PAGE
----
SAN JOSE — Taking an unusual hands-on approach to the homelessness crisis in its backyard, Apple removed dozens of people from a homeless camp on its property this week — putting many of them up in motels and providing counseling and other services on its own dime.
At the tech giant’s behest, outreach workers were relocating the few remaining residents Friday, closing a camp that has grown over the past year into a sprawling maze of RVs, cars, tents and an estimated 200 tons of trash. Each resident was offered a nine-month stay in a motel, plus 12 months of case-management services to help with addiction, mental health, long-term housing plans and more — costing Apple millions of dollars, said Andrea Urton, CEO of nonprofit HomeFirst, which is working with Apple at the site.
While some residents of the camp have been hesitant to trust the company’s overtures, Urton said Apple’s actions are a shining example of what more private companies should do to address the suffering of the estimated 30,000 people living without housing in the five-county Bay Area.
“I think the level of Apple’s involvement is amazing, to be quite frank,” Urton said. “They could just kick these people off, throw away their belongings and displace them. That’s not what they chose to do.”
Dozens of people were living off Component Drive on vacant land that Apple had earmarked for its North San Jose campus. As part of a $2.5 billion pledge to address the region’s housing and homelessness crises, Apple promised in 2019 to make some of that land available for affordable housing. But progress has been slow, and no plans have been formalized.
Apple wouldn’t reveal exactly how much it was spending to help encampment residents or how many people it had relocated. In a statement in August, the company said it had been coordinating with local partners for months to support people living at the camp and to find alternative housing for them.
A handful of Apple camp residents declined the company’s offer of a motel room — many because they had RVs or other vehicles they didn’t want to be separated from. For them, the city plans to open an emergency safe-parking site Tuesday on Vista Montaña, according to Daniel Lazo, spokesman for San Jose’s Department of Parks, Recreation and Neighborhood Services.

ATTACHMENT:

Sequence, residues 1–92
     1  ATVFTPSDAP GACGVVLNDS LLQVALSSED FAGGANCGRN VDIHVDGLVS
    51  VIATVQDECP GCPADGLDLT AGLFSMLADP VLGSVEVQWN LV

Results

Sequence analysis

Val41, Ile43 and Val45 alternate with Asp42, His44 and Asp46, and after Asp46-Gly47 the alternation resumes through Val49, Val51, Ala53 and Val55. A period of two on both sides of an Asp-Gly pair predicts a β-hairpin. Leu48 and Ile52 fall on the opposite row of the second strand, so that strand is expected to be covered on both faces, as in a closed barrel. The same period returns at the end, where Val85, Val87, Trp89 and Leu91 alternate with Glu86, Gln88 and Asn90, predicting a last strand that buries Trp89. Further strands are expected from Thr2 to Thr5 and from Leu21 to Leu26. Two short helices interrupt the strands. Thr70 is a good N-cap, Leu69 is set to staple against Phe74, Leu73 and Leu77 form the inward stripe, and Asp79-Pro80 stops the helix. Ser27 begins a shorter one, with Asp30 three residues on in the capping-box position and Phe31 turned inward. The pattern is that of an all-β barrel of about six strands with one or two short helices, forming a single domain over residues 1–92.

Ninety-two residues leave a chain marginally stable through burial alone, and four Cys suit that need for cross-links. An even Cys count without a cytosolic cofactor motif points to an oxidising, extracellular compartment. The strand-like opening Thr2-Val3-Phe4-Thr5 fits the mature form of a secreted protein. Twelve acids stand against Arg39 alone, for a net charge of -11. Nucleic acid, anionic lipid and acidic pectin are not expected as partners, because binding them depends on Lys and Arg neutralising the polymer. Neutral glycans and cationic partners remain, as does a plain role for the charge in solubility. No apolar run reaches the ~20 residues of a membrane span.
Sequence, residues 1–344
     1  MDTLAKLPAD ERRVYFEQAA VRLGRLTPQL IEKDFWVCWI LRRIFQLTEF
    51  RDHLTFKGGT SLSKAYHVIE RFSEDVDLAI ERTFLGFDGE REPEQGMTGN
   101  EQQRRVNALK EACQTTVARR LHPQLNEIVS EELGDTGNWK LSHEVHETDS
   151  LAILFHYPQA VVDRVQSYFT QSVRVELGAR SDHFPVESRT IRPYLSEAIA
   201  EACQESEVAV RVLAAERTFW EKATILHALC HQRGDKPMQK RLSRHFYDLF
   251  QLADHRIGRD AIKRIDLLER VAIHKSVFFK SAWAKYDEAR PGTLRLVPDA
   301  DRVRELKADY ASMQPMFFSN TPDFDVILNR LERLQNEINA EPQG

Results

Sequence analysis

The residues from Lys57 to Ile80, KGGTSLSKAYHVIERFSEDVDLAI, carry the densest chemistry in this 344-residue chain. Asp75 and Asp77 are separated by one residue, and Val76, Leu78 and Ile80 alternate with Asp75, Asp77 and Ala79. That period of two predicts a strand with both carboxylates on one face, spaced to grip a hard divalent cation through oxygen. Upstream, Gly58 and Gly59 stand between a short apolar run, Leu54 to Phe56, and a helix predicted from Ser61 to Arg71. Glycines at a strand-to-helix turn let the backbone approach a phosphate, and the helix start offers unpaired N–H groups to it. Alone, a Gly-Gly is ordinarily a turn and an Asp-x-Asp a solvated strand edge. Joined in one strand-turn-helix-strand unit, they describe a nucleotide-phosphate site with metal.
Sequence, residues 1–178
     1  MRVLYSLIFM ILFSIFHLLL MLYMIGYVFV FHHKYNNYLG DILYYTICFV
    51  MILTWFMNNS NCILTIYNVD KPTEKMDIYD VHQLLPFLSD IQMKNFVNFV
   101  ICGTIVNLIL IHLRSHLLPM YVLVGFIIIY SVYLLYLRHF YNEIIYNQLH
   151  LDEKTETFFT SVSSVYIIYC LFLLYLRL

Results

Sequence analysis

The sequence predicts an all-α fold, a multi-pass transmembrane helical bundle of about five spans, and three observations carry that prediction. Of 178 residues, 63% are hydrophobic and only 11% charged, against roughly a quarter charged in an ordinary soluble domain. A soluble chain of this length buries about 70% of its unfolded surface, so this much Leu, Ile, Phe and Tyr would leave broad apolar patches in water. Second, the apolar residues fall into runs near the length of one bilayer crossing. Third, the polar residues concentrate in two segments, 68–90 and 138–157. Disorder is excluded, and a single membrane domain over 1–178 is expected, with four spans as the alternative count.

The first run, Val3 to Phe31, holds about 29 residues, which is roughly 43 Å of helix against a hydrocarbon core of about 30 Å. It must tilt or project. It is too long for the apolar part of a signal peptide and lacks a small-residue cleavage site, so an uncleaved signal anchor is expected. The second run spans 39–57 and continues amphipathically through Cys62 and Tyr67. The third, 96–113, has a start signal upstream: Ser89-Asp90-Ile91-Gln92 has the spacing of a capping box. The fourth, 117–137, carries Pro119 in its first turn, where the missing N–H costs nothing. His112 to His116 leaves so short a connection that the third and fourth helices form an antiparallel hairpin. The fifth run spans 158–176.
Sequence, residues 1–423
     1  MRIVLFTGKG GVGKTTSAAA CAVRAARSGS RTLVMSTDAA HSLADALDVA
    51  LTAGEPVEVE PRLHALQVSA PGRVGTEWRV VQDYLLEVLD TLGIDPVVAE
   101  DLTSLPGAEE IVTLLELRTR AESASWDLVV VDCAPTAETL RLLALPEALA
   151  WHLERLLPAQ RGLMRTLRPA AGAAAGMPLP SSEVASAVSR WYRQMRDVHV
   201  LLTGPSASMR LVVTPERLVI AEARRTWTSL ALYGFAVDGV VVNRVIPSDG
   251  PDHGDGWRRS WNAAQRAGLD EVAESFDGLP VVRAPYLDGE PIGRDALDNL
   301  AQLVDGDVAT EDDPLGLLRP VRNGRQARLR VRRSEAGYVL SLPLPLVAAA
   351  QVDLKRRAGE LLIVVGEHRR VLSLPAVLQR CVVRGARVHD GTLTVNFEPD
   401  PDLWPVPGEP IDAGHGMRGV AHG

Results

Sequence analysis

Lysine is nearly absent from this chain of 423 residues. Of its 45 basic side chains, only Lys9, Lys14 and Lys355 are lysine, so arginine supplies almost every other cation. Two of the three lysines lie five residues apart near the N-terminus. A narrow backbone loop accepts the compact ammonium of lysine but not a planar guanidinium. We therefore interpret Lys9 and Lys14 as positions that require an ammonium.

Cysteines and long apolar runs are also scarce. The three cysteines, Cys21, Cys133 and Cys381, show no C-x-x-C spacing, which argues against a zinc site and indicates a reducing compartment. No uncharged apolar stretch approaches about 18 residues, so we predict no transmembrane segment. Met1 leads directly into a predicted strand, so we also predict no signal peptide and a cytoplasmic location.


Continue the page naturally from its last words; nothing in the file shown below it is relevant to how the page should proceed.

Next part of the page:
As a third alternative, camp residents also were offered space in Santa Clara County’s largest homeless shelter, the Boccardo Regional Reception Center. A few people declined all three choices, Urton said.
For 53-year-old Frank Pacheco, who had lived in an RV at the encampment for two years, his new Apple-sponsored motel room is “the best thing I could ever have.”
Pacheco, a former mechanic recovering from a work-related head injury, hopes his motel stay will give him a chance to rest, recuperate — and maybe find a job.
“It’s a wonderful thing that Apple’s doing for us,” he said. “They don’t have to do anything for us. They could just kick us off the property. They could just feed us to the wolves.”
Robert Carlson, 48, had been living at the Apple encampment for nearly two years, sleeping in a trailer that he describes as a studio apartment on wheels. He declined the offer of a hotel room because he didn’t want to be parted from his trailer, and he didn’t trust Apple and HomeFirst’s promise to store it.
Instead, he’ll take a chance on the new safe parking site.
“I’m going to try it and see what happens,” Carlson said. “I’ll give it a shot.”
But the timing of the new safe parking site worries activist Shaunn Cartwright, who has been working with unhoused residents at the Apple camp. She wishes Apple had waited to clear the camp until residents were given access to the parking program. Instead, people were forced to move their RVs and vehicles off Apple property without having a clear place to go.
“I think Apple has rushed this, because of their irrational, immovable end date of today,” Cartwright said Friday. “If they would have pushed that back farther to meet up with the slowness of the city’s safe parking date, I think it would have been more fair to the people.”
Apple’s funding also will provide residents with clothes, food and whatever else they need — even dental work for one resident with no teeth, Urton said. She hopes that by having a safe place to sleep and their basic needs met, residents will be able to focus on healing their physical ailments and improving their mental health. By the end of the nine months, some people who aren’t working may be ready for employment, she said.
But what Apple isn’t doing is providing anyone with a long-term solution. Because of the county’s extremely limited stock of affordable housing, Urton said she can’t promise any residents housing once their nine-month motel stay ends. And if someone doesn’t have an income, there’s no way they’d be able to afford even low-income housing.
“That’s the unfortunate reality in this situation,” she said.
Even so, Urton hopes more companies replicate the steps Apple is taking. It’s clear cities, counties and even the state don’t have the resources to solve homelessness on their own. But if they partnered with deep-pocketed corporations, it could make a big difference, she said.
“If every company took responsibility for what’s happening with homelessness in their neighborhood,” Urton said, “I think we’d nail it.”